OR The Oaks are Covered in Flowers but All We See is Pollen.
I often tell people not to worry about allergies if they see flowers. If even distracted humans take notice, a flower’s sweet scents or bright colors are definitely conspicuous to the pollinator the blooms are actually trying to attract. With their targeted aid, these beauties need to produce a lot less pollen. And they don’t want what they do produce getting tossed around and lost by the breeze. So their pollen is more likely to stay on the plant and less likely to end up in your nose.
It’s the flowers we don’t notice that fill the air with pollen. Many trees rely on the errant winds of spring to carry their pollen from stamen to pistil, from male to female flower. Most of us have probably never seen the female flowers of wind pollinated trees, or even known to look for them.
And few of us have consciously thought of the dangling catkins on oak trees as strands of flowers. Flowers with few or tiny petals. Flowers the same greeny-yellowy-browns as their trees. Merely functional flowers. But they have a subtle beauty of their own and deserve a closer look. Trees are worth seeing. Don’t be put off by my poor quality pics, go and look for yourself! This week oak, beech, birch, sweetgum, hackberry, and more are all in bloom.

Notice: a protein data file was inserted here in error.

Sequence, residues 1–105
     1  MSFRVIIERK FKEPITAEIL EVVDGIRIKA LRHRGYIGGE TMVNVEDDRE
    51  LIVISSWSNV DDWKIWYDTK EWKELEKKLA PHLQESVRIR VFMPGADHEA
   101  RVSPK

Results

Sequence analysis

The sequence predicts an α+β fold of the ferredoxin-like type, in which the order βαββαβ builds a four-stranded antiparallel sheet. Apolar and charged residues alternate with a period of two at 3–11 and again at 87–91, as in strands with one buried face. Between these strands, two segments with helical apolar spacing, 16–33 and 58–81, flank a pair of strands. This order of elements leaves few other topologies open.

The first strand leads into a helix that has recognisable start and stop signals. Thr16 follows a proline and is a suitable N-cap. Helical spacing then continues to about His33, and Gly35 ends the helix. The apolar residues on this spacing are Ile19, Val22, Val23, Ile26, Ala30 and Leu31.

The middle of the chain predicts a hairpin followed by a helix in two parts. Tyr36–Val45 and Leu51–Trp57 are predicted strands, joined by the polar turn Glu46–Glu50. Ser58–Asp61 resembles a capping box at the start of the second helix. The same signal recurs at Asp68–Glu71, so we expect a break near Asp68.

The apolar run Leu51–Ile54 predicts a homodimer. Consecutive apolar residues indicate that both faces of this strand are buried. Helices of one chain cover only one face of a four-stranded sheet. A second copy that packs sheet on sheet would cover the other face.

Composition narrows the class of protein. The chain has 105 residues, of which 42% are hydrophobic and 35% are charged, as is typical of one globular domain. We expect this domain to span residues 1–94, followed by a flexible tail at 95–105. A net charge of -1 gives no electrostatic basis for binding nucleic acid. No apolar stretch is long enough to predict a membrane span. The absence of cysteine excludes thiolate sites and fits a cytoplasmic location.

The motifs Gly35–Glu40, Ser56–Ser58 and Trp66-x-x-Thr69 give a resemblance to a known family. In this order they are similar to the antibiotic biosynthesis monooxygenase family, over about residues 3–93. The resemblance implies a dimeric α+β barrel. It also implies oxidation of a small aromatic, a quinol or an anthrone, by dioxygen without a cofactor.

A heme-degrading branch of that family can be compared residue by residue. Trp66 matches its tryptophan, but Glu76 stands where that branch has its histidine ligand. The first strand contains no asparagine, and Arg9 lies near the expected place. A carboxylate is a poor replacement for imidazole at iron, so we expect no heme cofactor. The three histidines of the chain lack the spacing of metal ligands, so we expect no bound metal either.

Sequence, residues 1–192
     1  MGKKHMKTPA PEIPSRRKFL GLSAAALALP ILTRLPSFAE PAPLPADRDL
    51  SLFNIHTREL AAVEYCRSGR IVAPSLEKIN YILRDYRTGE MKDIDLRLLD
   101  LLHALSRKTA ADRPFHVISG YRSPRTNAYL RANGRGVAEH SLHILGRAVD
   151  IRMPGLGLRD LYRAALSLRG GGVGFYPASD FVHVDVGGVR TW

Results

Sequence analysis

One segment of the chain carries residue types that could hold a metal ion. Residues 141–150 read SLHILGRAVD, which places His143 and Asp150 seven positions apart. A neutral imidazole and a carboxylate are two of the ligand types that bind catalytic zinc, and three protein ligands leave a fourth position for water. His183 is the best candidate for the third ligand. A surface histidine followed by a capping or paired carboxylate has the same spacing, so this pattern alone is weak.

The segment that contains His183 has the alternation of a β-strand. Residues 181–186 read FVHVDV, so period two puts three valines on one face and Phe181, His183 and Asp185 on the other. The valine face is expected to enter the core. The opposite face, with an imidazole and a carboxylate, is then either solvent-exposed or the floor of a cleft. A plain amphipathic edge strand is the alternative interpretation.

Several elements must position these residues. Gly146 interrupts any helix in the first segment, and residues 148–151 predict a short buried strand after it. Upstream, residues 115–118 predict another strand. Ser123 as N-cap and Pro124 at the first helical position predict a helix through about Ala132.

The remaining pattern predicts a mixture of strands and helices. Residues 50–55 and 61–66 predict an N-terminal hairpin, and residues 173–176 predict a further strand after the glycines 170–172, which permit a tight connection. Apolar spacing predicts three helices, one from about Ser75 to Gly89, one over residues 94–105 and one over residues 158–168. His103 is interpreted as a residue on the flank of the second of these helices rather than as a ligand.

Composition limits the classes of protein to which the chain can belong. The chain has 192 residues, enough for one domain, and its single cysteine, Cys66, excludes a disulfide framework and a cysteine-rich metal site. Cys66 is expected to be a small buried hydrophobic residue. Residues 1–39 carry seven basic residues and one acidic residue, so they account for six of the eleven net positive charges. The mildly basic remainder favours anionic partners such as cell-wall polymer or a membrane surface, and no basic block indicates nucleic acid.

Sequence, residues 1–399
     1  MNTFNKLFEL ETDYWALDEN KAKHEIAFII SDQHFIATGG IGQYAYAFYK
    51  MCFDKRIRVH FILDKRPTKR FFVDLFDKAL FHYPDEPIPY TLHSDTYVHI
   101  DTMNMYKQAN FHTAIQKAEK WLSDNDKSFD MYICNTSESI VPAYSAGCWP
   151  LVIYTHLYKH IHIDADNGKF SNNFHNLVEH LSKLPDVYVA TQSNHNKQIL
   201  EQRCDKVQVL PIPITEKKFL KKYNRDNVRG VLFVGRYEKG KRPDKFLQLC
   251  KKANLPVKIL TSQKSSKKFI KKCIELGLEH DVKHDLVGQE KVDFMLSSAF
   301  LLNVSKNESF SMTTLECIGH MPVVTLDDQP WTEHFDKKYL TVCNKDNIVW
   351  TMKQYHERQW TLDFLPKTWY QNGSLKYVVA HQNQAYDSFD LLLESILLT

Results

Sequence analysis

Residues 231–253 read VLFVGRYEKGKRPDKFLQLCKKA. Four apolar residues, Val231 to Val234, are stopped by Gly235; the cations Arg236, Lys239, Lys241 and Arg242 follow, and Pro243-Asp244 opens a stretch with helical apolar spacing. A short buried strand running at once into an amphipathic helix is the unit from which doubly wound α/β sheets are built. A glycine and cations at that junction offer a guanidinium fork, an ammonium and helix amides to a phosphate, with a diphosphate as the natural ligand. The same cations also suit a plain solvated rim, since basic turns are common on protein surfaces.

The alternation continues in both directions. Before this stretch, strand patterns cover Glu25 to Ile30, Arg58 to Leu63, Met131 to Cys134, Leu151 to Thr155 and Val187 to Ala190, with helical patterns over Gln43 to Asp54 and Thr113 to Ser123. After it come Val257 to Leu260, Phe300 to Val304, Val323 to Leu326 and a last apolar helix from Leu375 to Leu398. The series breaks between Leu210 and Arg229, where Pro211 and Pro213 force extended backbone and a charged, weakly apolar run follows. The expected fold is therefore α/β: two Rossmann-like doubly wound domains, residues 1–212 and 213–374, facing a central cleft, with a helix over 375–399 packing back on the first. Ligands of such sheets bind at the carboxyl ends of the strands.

All the pollen they produce is good for more than just making you sneeze. Pollen is rich in protein, and is a staple food of many insects – most significantly to us, it is the required food for larval bees. And, secondly, “The Reason for a Flower is to make a seed”. How many male flowers must spend their pollen in the wind for fertilization of one female flower to occur? How many acorns must mature and fall for a chance of seedling taking root? How many seedlings must start growing for the sky for a mature oak to stand?
One in hundred pollen grains? One in a hundred thousand? And so to have any chance at all, at the beginning of the chain that leads to an oak tree, the air must be filled with the golden pollen of trees.
PS. I just went on a hunt for seedling trees in our woods. I found many cherries (distasteful to deer) and some tulip poplar (one of our most common trees, and the seed itself is less often eaten). I found two oak seedlings in five minutes of searching.